Yahoo! Gets Backing in Nazi Memorabilia Case
Aug 14, 2001 5:29 PM PT
In a significant show of support for Web portal Yahoo! (Nasdaq: YHOO), which faces ongoing litigation over the sale of Nazi-related items in France via its U.S.-based Web site, several prominent Internet industry associations and business organizations have filed a "friend of the court" brief on behalf of Yahoo! in U.S. District Court.
The brief argues that U.S. courts may not enforce judgments of foreign courts that lack personal jurisdiction over U.S. defendants, because to do so would violate the due process clause of the U.S. Constitution's Fifth Amendment. The brief follows another that the Center for Democracy and Technology (CDT) filed in April supporting Yahoo's position.
At issue is a French court ruling entered last year that states that Yahoo! broke French law by allowing the sale of Nazi memorabilia on its Web site to be accessed in France, and that orders Yahoo! to bar such sales.
If the French court's decision is recognized by U.S. courts, France would have the power to mandate that Yahoo! restrict French citizens from accessing, via its U.S.-based Web site, any material that French law deems illegal. The case is widely viewed as a landmark on the regulation of international, cross-border Internet transactions.
"The decision of the French court in this case represents one of the greatest threats to the promise of the Internet seen to date," the brief states. "Under the French court's theory of personal jurisdiction, every American company with an Internet presence would be subject to the personal jurisdiction of every foreign country in the world. Plainly put, such a result would cripple the Internet."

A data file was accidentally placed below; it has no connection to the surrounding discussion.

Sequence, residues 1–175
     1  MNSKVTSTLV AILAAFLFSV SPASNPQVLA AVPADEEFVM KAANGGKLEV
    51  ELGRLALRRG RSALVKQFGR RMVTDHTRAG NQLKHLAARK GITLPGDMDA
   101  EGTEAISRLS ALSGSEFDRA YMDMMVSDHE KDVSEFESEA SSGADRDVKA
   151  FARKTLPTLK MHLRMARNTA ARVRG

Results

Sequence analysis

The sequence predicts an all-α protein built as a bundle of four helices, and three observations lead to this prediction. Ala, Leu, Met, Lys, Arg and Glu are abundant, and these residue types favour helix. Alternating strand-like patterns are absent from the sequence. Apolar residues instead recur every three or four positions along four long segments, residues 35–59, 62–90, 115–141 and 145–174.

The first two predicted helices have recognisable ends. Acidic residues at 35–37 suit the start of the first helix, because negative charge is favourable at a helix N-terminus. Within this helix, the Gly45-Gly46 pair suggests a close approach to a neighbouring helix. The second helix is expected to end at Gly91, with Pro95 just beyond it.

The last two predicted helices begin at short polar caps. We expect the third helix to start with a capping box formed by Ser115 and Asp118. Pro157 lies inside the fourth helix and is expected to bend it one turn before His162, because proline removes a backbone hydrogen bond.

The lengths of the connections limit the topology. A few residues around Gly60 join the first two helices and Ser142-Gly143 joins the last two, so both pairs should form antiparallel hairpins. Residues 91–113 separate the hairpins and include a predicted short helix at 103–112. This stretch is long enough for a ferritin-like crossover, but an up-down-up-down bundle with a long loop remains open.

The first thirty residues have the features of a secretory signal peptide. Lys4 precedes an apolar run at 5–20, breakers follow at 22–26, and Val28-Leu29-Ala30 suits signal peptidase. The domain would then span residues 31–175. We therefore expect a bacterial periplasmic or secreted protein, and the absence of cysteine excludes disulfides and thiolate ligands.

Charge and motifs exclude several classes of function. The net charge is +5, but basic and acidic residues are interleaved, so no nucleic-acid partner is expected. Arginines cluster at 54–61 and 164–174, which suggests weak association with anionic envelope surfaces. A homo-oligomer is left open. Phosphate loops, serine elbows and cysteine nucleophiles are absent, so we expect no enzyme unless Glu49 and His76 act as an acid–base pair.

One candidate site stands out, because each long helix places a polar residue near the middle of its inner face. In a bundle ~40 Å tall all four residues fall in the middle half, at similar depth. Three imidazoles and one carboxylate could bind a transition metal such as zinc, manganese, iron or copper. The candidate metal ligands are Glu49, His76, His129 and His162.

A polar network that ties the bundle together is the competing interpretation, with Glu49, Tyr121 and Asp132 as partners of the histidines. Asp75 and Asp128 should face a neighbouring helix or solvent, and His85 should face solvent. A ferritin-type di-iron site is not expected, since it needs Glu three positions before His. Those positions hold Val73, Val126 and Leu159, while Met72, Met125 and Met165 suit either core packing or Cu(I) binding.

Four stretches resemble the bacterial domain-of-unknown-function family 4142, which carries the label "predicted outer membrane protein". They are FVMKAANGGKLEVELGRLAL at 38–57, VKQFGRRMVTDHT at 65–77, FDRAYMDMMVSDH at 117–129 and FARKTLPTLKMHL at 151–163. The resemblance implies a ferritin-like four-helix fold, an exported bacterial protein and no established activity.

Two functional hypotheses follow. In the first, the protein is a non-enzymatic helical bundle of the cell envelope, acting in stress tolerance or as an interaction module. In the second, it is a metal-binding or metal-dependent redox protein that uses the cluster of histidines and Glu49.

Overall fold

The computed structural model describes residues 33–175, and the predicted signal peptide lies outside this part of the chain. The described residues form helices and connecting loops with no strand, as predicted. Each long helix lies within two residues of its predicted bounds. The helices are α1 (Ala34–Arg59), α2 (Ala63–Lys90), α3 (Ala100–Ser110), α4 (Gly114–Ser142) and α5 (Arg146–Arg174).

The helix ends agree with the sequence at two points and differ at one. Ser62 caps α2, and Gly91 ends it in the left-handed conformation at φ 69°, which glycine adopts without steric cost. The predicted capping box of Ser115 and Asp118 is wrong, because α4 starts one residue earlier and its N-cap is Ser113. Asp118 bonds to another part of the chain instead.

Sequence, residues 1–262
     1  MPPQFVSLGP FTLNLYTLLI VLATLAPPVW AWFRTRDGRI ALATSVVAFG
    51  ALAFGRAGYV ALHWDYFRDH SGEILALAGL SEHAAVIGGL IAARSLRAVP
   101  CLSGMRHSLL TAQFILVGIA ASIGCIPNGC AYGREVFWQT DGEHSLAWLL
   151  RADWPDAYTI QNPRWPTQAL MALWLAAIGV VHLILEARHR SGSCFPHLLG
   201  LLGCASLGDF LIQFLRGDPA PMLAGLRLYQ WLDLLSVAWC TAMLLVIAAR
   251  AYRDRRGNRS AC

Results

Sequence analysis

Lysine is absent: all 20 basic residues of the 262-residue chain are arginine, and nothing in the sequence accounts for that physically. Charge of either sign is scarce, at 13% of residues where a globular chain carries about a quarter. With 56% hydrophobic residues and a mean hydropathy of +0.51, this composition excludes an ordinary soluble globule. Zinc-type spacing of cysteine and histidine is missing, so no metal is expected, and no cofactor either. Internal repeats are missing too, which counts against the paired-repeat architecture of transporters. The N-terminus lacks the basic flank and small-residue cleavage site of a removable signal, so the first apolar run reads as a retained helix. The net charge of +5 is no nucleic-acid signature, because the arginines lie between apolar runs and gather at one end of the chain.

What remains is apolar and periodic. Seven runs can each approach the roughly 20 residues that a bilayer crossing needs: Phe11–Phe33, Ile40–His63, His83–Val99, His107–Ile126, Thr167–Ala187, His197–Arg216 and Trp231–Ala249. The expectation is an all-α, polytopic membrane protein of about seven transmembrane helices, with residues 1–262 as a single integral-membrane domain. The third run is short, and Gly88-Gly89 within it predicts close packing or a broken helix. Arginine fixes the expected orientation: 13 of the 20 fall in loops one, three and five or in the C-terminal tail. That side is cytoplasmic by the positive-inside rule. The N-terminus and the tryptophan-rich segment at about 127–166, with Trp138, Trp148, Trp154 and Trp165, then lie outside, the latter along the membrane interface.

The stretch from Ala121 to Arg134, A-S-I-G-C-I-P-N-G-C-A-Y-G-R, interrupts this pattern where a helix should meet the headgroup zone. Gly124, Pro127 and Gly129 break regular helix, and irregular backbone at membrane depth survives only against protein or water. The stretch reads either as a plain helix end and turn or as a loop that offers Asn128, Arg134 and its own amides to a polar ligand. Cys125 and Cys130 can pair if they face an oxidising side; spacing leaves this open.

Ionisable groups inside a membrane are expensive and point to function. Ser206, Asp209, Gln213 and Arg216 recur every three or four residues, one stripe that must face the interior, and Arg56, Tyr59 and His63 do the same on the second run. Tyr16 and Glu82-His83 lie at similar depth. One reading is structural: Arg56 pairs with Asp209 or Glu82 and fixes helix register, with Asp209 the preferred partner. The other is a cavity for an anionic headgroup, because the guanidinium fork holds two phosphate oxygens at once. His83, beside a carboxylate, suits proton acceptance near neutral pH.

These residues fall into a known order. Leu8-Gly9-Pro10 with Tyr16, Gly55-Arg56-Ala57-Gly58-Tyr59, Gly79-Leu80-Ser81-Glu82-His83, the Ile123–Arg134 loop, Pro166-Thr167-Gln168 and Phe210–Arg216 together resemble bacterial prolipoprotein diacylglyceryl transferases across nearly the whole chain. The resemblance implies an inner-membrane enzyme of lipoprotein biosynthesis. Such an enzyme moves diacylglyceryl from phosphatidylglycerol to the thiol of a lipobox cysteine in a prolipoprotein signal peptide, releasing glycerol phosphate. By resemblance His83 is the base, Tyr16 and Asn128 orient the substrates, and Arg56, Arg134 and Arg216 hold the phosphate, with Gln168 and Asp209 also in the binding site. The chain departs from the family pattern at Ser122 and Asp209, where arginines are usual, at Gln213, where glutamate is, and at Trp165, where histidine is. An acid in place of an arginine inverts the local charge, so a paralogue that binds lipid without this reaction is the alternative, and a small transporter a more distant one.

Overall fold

The industry groups signing the most recent brief include the U.S. Chamber of Commerce, the U.S. Council for International Business, the Information Technology Association of America, the Online Publishers Association, the U.S. Information Industry Association, and the Commercial Internet eXchange.
According to the CDT, the next hearing in the Yahoo! case is scheduled for August 26th, while a hearing on Yahoo's motion for summary judgment is scheduled for September 24th.
The Target Question
One of the key points for the U.S. court to decide is whether Yahoo's conduct had or was intended to have a substantial effect in France.
"In this case, Yahoo!, Inc. does not operate in France," the brief says. "It operates a Web site based in the United States, targeted at U.S. citizens, in the English language. It has established a separate French subsidiary that operates a site from France, in French, targeted at French citizens, that complies with French law."
The brief also argues that France's exercise of prescriptive jurisdiction is unreasonable and the activities of Yahoo! are protected by the First Amendment.
"Clear recognition of the principle that, where a U.S. company is targeting online activities at U.S. citizens, the mere fact that the Internet is involved does not allow every other country in the world to assert jurisdiction over that company and regulate its activity, is absolutely critical," the brief said.
Earlier in June, the U.S. district court decided not to dismiss the lawsuit filed by Yahoo! seeking a declaration that the French ruling against the Internet portal is an unenforceable order.
Other groups supporting the CDT's April brief on behalf of Yahoo! included the American Association of Publishers, the Freedom to Read Foundation, the American Civil Liberties Union (ACLU), Human Rights Watch, People for the American Way, and the Society of Professional Journalists.